The home’s open entrance is shaded. Leave your surfboard and wetsuit here before settling into one of the many hammocks. There’s a living area, shower, and bathroom tucked under the eave, while a big bunkroom, two bedrooms, and the entryway make up one long side of the rectangle. There’s also a galley kitchen across from the bath. Minimal exterior windows shutter the house completely from the outside.
This cabin is nearly 100 percent self-sufficient, with solar panels, rainwater catchment, and a composting worm farm to treat sewage. Basic materials and construction techniques were used to reduce cost, prevent corrosion, and take advantage of local resources.
The Cave is a single-piece, three-person geodesic dome that inflates in less than a minute. And no, it’s not likely to pop thanks to the exterior’s high-tenacity polyester fabric. Plus, each of the air chambers (which act like traditional tent poles) are separated, so even if one were to get punctured, The Cave would maintain its structure.
And if this wind test is any indication, this futuristic tent is more than capable of withstanding anything your next camping trip will throw at it.
Even our towable trailers are getting smart. With innovative aerodynamic designs, rugged suspension systems, and wide-open skylights, these four high-tech trailers—from modest to totally excessive—are ready for the open road.
2014 Airstream Sport 22FB Travel Trailer ($48,891)
Airstream assembled this towable trailer like an airplane, using riveted aluminum panels. The Sport 22FB has a low center of gravity and an aerodynamic shape—the company estimates a fuel savings of up to 30 percent compared to other travel trailers. Perks include a glass plate that covers the cookstove and a convection microwave. Plus, all the exterior and interior parts are recyclable.
New this summer, this fiberglass pull-behind camper is a durable, streamlined sleeping compartment. The Micro Minnie uses a tankless water heater, and the dual-axle design means if you blow a tire, you can keep towing until you get to the repair shop.
This teardrop trailer is designed for rugged off-roading. You can adjust the suspension to handle smooth roads or rocky terrain in the foothills. There’s also an option to add a tent to the roof ($2,400) to increase the total sleeping capacity to seven, and another option to add solar panels ($350 each).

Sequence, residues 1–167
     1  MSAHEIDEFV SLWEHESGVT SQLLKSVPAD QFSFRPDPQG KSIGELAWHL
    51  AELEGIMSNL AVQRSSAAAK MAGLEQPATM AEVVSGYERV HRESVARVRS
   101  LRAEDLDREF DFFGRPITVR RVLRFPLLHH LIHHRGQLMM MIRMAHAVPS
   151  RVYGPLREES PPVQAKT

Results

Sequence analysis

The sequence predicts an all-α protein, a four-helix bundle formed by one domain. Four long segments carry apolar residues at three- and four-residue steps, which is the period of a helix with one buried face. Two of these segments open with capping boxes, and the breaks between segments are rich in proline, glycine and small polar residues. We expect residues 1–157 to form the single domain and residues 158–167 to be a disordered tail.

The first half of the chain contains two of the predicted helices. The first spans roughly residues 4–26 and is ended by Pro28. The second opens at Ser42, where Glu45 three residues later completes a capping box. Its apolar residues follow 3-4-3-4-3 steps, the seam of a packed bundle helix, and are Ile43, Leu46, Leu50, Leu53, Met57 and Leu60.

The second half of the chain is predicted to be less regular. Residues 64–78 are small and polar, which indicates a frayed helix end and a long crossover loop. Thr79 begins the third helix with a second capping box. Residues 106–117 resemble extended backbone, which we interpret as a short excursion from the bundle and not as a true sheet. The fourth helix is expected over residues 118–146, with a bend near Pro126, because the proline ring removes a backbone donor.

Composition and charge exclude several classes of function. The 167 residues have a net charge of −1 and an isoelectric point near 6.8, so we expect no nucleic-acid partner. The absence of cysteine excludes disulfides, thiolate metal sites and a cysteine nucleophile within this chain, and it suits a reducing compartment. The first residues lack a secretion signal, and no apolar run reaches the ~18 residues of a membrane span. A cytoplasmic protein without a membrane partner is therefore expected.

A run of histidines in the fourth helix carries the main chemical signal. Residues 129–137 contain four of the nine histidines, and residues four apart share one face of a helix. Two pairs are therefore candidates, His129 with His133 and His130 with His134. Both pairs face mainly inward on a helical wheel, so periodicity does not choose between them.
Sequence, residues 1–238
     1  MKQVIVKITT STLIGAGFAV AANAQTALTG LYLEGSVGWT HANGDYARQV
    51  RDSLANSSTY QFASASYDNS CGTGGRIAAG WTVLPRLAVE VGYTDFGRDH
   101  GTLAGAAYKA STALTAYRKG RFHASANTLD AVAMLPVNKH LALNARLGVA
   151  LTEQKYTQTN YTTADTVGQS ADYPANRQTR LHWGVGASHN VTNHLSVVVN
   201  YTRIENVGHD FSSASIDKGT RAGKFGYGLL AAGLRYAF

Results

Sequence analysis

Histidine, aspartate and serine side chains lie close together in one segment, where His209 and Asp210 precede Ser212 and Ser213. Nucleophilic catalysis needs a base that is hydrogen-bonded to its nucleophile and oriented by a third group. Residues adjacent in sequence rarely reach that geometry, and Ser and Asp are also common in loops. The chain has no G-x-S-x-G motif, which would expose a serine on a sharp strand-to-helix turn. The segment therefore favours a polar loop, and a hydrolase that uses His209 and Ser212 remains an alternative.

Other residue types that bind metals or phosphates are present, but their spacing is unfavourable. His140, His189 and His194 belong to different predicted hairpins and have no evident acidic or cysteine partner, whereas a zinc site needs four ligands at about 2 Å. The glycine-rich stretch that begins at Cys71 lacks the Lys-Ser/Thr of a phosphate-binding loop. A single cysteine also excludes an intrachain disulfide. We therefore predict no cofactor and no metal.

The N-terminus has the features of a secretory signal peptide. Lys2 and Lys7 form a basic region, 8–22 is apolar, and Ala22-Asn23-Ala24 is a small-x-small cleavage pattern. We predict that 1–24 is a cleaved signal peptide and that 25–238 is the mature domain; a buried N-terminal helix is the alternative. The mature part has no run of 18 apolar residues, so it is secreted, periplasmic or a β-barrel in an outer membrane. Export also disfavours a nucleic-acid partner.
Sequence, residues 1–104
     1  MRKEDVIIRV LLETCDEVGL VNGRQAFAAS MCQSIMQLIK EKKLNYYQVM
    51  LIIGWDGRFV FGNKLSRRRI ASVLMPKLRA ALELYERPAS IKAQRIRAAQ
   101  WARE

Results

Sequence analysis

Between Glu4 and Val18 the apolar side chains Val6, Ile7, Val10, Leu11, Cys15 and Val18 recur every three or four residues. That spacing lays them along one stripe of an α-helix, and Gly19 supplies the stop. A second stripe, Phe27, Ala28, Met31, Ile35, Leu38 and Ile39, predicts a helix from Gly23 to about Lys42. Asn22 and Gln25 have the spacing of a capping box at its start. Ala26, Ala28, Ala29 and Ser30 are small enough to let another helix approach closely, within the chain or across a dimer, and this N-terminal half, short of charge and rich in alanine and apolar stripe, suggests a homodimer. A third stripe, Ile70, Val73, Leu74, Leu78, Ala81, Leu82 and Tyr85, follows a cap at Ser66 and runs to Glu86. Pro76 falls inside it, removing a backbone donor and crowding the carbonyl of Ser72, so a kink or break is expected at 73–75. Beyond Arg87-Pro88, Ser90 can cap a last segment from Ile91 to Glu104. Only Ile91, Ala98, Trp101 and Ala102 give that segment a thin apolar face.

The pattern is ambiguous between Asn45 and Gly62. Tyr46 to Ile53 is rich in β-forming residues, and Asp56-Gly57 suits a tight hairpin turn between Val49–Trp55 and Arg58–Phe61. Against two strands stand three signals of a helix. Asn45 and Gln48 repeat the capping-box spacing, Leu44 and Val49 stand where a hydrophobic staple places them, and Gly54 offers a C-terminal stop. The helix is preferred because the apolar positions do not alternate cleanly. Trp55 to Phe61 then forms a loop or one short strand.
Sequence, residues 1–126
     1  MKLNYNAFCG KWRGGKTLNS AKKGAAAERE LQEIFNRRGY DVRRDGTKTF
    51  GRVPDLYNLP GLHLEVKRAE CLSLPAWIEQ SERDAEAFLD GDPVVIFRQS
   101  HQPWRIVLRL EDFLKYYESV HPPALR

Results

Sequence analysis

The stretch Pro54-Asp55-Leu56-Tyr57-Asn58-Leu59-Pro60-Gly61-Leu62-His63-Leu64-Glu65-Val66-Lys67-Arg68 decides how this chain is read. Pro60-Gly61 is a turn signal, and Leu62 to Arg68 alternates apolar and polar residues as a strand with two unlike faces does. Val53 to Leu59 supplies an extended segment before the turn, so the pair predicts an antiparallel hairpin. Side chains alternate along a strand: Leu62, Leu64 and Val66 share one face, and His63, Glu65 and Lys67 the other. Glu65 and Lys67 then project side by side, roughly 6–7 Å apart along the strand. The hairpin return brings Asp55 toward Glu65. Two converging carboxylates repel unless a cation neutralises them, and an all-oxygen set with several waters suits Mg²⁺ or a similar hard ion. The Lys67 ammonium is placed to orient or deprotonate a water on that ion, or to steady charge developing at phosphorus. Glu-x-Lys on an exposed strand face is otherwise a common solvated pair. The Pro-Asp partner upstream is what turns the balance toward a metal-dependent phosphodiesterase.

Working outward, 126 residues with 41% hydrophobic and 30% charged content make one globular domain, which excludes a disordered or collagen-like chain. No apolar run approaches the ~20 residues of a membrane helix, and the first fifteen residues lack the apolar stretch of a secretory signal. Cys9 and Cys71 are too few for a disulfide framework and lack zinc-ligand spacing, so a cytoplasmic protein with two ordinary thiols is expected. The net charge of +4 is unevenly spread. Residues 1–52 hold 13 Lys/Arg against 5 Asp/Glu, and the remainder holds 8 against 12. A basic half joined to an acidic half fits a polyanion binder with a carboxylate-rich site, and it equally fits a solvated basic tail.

This massive 32-foot travel trailer features some of the most advanced trailer tech on the market. The powered awning has a row of LED lights for nighttime cookouts, there’s a skylight on the roof for stargazing, and the sink includes a pull-out sprayer (all part of the new Elite package). When you tow, a unique stabilizer system reduces rattling and smooths out the ride.
The exterior channels all the retro appeal of the old-school vans, but inside, you’ll find more luxuries than you'll know what to do with. The campers each come with a dining area that can comfortably seat four adults, a convertible double bed, and a kitchenette with enough storage for a few days on the road.
Then there are the add-ons, which include: a stovetop; a fridge; a toilet; an outdoor shower, an awning; a weather curtain; and a Bluetooth-capable sound system.
For me, a backcountry cabins should offer simple, modern luxury. Take this family countryside getaway in Spain, which takes advantage of its surroundings while still offering all the comforts you’d expect in the city.
The house itself—more like a covered pass than a true cabin—is nothing but an enormous room with sliding glass walls facing east and west. It’s wrapped in yellow wood planks, and connects seamlessly to timber decks outside.
There’s a tiny built-in kitchen on one side of the room with a contemporary fireplace on the opposite wall. Bedrooms flank both ends of the cottage (one of these wood-covered nooks has only a sky window to let in light). Tucked into the hillside, there’s also a full-length playroom and library for browsing on lazy summer nights.